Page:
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Anonymous
Anonymous asked in Consumer ElectronicsHome Theater · 2 months ago

does HDMI really produce a better picture & sound than AV cables?  if so, why? i have watched both ways & cannot really see any difference?

my flat screen tv is over 10 years old now...so maybe it only has the capability of 720 i quality anyways? so having a DVD player that puts out 1080 i doesnt really matter? (even though it says it has "upscaling capability'...i read that AG cables ALSO produce 1080 i?  what is the current modern level of image quality ? when became that way?

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  • 2 months ago
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    DVD's do not do 1080 but the player might.

    1080i just means that for the i or interlace, they paint half the screen, then the other half... if the TV is analog. Digital sets undo the interlacing and show 30 full pictures per second.  1080i @ 60 fps is identical in output to 1080p @ 30.

    Digital does do a better job than analog but for normal people, they'd have trouble telling the difference if the signal is clean.  A little bit of training will let you spot it but don't bother if you are happy with what you have.

    RCA Cabling is analog, not digital. Quality lower but you won't see difference without training.  Upscaling will happen somewhere when the source material (those DVD's for example) is lower resolution than your TV.  You just need to choose if you want to bother changing it.  If the TV is 1920p, for example, to show any content that is not at that resolution, it MUST be upscaled.  This can happen at the player, the TV, or any equipment in the middle.  You can pick which is better at doing that.  Since you can't see the difference between analog and digital, don't bother with that setting.Current image level is called (incorrectly) 4K.  It is UHD or Ultra High Definition.  Resolution is 3840 by 1920 pixels.  The BIGGIE, more important than the resolution, is the color gamut.  Your DVD uses 8 bits per color or 256 shades of red, green, and blue.  UHD can do 10 or 12 bits depending on the set.  That is 1024 shades or 4096 shades.  The human eye can pick out about 4000 shades of red in studies.  This is by far, more important than the resolution.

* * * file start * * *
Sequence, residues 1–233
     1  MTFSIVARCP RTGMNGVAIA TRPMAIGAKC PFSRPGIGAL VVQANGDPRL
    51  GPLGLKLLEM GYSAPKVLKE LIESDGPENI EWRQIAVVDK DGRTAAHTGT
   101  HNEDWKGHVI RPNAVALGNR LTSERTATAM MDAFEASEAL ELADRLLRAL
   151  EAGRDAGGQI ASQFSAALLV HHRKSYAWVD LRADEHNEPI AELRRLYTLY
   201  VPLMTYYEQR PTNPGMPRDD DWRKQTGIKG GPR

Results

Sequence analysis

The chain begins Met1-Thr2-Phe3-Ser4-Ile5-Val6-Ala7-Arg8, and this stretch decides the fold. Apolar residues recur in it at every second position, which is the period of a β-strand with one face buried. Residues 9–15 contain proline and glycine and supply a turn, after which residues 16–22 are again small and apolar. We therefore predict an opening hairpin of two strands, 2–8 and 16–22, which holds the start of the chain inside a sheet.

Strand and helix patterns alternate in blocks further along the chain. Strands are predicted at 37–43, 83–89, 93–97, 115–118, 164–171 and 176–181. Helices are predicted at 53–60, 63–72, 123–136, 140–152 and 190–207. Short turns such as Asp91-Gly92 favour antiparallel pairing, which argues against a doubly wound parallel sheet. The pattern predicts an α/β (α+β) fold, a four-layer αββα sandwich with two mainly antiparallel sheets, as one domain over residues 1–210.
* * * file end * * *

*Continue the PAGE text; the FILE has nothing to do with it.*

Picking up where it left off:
As for when, years ago. (not gonna look it up)

    So, if you need a new TV, look for UHD and check black levels.  Current sets, including yours, try to block 100% of the light for black and they can't do that.  But, you can use that to pick ones with good pictures for low money.

  • 2 months ago

    I would say they are in par with component hookup, though they are in a simple single wire format, however today the speeds of them are faster as the generations went by and yes today you could say they are superior than the last generation of hdmi and as of today blow component out of the water with their improved technology

  • 2 months ago

    There are too many questions in one here, 

    but they are all valid.    

              

    It would be best to consult in person with someone who can not only explain it all 

    but also point out specific details in actual images on the screen.   

  • 2 months ago

    This is a matter for the TVs section.

    Without knowing the makes and models of the TV and player in question, this is too stupid to answer.

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  • 2 months ago

    Even if the changes in video quality are quantifiable and measurable, some of us are more audio people than we are video people.

    But even then, we don't have room for 1,000 speakers.

    https://www.tomsguide.com/us/4k-tv-explained,news-... 

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